Science, truth, and language: Communicating with non-science and public audiences

How many times do we hear that some scientific view is "only theory" or that it is "not proven"? The hidden implication is that if we have not "proven" the case, then we do not know anything for certain about it, and any idea is as good as any other. A recent and vivid example of this problem is the ongoing argument in the popular media about global warming. Do we need to be absolutely certain before we take action?

These same issues and doubts come up in university for non-science students, and in public lectures with scientific themes. The problem, described by McMaster University William Harris at this week's CASCA 2011 meeting in Ontario, Canada, boils down to a misunderstanding about the way science really works. Contrary to the way it is often portrayed in public, science is not about "proving theories". An effective way to discuss these issues is to imagine a continuous line stretching from "totally right" at the top, to "totally wrong" at the bottom. Any scientific idea, hypothesis, or theory can be located somewhere on that line. If it has a lot of evidence supporting it, it lies near the top (for example, that the Earth is round; or that Newton's are correct; or that DNA is the basis of the ). Old ideas that were disproven sit at the bottom of the line (for example, that dinosaurs coexisted with , or that the Sun revolves around the Earth).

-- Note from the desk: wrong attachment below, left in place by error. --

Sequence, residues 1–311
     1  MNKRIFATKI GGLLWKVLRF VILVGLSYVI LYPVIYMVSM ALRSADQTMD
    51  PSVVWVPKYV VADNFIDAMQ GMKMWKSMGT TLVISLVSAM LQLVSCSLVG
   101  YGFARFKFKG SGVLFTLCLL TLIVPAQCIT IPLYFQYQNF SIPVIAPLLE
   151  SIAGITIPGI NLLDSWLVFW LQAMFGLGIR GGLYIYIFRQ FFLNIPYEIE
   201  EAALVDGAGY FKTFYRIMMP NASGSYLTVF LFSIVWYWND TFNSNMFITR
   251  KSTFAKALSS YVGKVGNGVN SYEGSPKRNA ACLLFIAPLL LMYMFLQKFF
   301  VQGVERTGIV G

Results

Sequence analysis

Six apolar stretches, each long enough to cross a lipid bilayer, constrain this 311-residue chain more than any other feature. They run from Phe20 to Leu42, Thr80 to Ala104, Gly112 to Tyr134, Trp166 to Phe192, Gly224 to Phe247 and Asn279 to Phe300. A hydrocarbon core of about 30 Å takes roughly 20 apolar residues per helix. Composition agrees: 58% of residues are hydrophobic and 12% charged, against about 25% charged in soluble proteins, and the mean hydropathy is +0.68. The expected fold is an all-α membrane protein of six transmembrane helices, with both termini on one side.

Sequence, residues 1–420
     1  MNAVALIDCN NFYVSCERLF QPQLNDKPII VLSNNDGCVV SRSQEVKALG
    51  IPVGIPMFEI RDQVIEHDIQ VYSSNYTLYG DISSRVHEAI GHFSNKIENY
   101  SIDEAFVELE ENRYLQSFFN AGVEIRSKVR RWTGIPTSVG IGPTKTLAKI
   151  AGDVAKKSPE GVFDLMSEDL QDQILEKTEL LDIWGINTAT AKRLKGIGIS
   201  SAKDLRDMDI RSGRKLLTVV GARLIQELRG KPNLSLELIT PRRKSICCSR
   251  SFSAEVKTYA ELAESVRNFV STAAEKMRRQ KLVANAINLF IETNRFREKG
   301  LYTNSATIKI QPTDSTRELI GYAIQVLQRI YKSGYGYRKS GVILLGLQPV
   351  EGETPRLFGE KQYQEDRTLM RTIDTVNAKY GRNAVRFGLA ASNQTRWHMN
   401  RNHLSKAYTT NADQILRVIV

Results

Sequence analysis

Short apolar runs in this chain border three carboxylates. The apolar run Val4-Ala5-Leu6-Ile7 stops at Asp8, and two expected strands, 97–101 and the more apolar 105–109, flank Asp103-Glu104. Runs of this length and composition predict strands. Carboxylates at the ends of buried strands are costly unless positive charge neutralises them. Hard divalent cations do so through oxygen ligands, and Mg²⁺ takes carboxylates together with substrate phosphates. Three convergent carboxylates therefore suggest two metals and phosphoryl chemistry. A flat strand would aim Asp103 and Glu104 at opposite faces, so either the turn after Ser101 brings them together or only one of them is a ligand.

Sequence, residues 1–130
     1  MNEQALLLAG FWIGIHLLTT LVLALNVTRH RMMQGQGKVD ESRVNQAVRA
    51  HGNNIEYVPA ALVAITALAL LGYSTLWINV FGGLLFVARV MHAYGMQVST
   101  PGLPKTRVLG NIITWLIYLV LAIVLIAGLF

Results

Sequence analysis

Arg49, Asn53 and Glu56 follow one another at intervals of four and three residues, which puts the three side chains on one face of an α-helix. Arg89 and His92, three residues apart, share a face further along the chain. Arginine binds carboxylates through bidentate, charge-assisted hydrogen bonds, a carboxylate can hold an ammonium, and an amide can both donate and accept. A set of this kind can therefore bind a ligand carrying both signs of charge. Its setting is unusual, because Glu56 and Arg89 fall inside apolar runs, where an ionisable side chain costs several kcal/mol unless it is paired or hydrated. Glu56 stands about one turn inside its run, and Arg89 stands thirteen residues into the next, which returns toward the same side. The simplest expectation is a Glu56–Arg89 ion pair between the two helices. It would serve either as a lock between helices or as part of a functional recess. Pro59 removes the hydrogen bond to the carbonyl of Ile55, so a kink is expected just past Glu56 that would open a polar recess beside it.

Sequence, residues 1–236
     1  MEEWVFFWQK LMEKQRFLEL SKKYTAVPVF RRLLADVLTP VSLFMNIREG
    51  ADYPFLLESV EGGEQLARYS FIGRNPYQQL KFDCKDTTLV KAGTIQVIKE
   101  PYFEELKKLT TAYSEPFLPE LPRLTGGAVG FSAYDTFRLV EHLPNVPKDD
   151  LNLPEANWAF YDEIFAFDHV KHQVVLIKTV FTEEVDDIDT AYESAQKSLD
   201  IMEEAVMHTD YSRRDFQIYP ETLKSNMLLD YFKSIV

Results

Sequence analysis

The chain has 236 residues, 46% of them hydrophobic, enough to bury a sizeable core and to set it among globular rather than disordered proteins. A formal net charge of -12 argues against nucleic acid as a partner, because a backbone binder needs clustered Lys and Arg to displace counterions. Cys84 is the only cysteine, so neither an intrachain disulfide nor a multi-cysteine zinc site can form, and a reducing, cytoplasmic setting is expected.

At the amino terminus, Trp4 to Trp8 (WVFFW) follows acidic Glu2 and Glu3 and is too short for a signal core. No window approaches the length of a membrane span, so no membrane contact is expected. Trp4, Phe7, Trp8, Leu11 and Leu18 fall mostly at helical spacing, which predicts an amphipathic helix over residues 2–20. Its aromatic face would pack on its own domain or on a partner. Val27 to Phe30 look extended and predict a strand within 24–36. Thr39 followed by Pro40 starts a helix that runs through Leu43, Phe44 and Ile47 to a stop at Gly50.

A new scientific idea just beginning to be explored sits somewhere in the middle of the line. As more evidence comes in and our tools for interpretation get better, we might find that the idea is wrong ("disproven") and it immediately drops to the bottom of the line. But with luck, we might find that it agrees with a lot of evidence and so our confidence in the idea grows. Over time, it might move upward into a full-fledged body of knowledge that is much more secure.

Another way to think about this line is to ask how much you would bet that a given scientific idea or theory is right. We literally bet our lives that Newton's laws are right, but we wouldn't be quite that confident in a new and untested statement. The key to understanding science is the role played by constant testing and real-world evidence.


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Citation: Science, truth, and language: Communicating with non-science and public audiences (2011, May 30) retrieved 20 October 2020 from https://phys.org/news/2011-05-science-truth-language-non-science-audiences.html
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